Define the project and prepare the work breakdown structure. Develop relationships among the activities. (Decide which activities must precede and which must follow others.) Draw the network connecting all of the activities Assign time (and/or cost) estimates to each activity Compute the longest time path through the network. This is called the critical path Use the network to help plan, schedule, monitor, and control the project

CPM Network Calculations
CPM calculates a network in several steps: For each event: Earliest possible time: The earliest possible time the event can occur Latest possible time: The latest possible time the event can occur

For each activity: Early start (ES): The earliest possible start time for the activity Early finish (EF): The earliest possible finish time for the activity

For each activity: Late start (LS): The latest possible start time for the activity so as not to delay the completion time of the entire project. Late finish (LF): The latest possible finish time for the activity so as not to delay the completion time of the entire project. Continue to next lecture

Q&A

Topics Covered CPM Calculations for AOA and AON Networks
Slack Time / Float Critical Path, Critical Activity Practice Problems

CPM Calculations for AON Network
Provides activity information Early start (ES) & late start (LS) Early finish (EF) & late finish (LF) Slack (S) / Float (FL) Identifies critical path This and the next several slides illustrate the definitions of terms appropriate to critical path analysis. There are many opportunities for good managers to truly manage a project once they have a PERT network established. For instance, sub-contractors know early start and late start times and the managers know the activities on the critical path upon which to focus effort.

Forward and Backward Pass
Forward pass is a technique to move forward through network diagram. Backward pass is its opposite. Early Start (ES) and Early Finish (EF) use the forward pass technique. Late Start (LS) and Late Finish (LF) use the backward pass technique. Note: If the float of the activity is zero, the two starts (ES and LS) and the two finish (EF and LF) are the same. Hence, If float of activity is zero, ES = LS and EF = LF.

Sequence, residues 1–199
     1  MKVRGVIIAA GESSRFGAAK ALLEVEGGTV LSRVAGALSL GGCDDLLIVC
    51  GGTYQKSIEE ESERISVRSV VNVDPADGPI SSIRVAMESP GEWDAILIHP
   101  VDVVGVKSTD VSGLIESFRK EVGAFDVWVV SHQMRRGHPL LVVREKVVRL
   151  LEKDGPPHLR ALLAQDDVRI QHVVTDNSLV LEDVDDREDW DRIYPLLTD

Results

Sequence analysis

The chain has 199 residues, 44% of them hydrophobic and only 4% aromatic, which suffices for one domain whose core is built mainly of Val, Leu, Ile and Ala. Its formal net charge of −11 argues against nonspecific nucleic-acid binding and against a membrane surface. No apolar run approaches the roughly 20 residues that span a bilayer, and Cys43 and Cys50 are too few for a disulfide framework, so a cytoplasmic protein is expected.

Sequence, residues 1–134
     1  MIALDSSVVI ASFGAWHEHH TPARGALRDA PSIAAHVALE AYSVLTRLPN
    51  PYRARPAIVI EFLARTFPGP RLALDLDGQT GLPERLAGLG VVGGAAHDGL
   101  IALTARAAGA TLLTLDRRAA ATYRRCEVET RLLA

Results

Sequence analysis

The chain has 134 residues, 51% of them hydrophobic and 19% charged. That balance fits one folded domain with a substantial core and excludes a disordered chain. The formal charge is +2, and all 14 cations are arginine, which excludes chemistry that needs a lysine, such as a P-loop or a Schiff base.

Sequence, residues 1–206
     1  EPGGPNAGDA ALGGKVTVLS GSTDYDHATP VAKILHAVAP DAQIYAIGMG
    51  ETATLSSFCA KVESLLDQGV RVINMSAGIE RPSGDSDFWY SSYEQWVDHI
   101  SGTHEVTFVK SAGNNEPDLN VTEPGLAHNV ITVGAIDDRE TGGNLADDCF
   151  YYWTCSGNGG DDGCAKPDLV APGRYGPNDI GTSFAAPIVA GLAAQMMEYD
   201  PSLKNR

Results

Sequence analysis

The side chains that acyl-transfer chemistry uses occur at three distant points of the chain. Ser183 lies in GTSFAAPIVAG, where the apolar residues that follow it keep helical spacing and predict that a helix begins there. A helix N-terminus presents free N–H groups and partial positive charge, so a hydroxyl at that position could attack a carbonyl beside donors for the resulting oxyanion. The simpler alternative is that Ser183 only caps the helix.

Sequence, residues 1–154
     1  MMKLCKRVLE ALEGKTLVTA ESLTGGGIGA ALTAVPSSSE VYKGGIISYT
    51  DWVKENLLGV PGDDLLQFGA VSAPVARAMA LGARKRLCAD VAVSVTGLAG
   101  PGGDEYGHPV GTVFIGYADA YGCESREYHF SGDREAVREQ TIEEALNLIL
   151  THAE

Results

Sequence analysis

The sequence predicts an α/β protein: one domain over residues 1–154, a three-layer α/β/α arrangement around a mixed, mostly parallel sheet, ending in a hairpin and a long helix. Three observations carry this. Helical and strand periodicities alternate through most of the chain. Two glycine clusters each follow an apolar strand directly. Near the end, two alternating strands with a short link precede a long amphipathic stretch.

Early Start and Early Finish Steps
Begin at starting event and work forward ES = 0 for starting activities ES is earliest start EF = ES + Activity time EF is earliest finish ES = Maximum EF of all predecessors for non- starting activities

Late Start and Late Finish Steps
Begin at ending event and work backward LF = Maximum EF for ending activities LF is latest finish; EF is earliest finish LS = LF - Activity time LS is latest start LF = Minimum LS of all successors for non-ending activities

AON Network Calculations
ES LS EF LF Earliest Finish Latest Start Earliest Start Activity Name Activity Duration Latest Finish

Slack Time/Float Slack Time is the amount of time an activity may be delayed without affecting the project deadline. This is also referred as float. An activity having zero slack time is called critical activity. The concept of critical activities is that it draws the attention of the project manager to the activities that needs the closest monitoring. Any delay of a critical activity leads to an equivalent delay of the total project. A path having longest duration (completion time) in the network is called critical path.

Gantt Chart for General Hospital Early Start and Finish
ES EF A Build internal components B Modify roof and floor C Construct collection stack D Pour concrete and install frame E Build high-temperature burner F Install pollution control system G Install air pollution device H Inspect and test LS LF This and the following slide illustrate the translation of Early and Late Start and Finish time to Gantt charts.